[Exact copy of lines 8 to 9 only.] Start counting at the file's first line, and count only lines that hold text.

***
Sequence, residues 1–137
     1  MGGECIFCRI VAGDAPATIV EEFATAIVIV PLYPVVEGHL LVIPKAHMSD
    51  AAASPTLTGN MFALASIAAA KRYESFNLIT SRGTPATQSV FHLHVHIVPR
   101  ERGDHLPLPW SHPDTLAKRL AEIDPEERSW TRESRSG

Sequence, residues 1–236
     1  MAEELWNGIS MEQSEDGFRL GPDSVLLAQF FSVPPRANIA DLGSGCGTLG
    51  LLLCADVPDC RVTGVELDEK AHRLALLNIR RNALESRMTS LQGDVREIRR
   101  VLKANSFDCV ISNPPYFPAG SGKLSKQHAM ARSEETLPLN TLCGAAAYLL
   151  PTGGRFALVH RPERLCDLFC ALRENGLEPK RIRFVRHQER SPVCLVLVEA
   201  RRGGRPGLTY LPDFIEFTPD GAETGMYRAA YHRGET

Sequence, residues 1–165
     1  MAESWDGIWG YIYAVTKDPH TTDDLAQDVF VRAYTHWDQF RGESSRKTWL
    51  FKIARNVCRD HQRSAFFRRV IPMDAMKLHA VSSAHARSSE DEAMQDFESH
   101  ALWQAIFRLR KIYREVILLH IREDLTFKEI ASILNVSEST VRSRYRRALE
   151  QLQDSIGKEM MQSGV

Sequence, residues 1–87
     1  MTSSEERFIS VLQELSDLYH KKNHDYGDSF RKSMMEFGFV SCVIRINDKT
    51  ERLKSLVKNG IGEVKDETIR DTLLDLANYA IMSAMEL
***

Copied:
   101  VLKANSFDCV ISNPPYFPAG SGKLSKQHAM ARSEETLPLN TLCGAAAYLL
   151  PTGGRFALVH RPERLCDLFC ALRENGLEPK RIRFVRHQER SPVCLVLVEA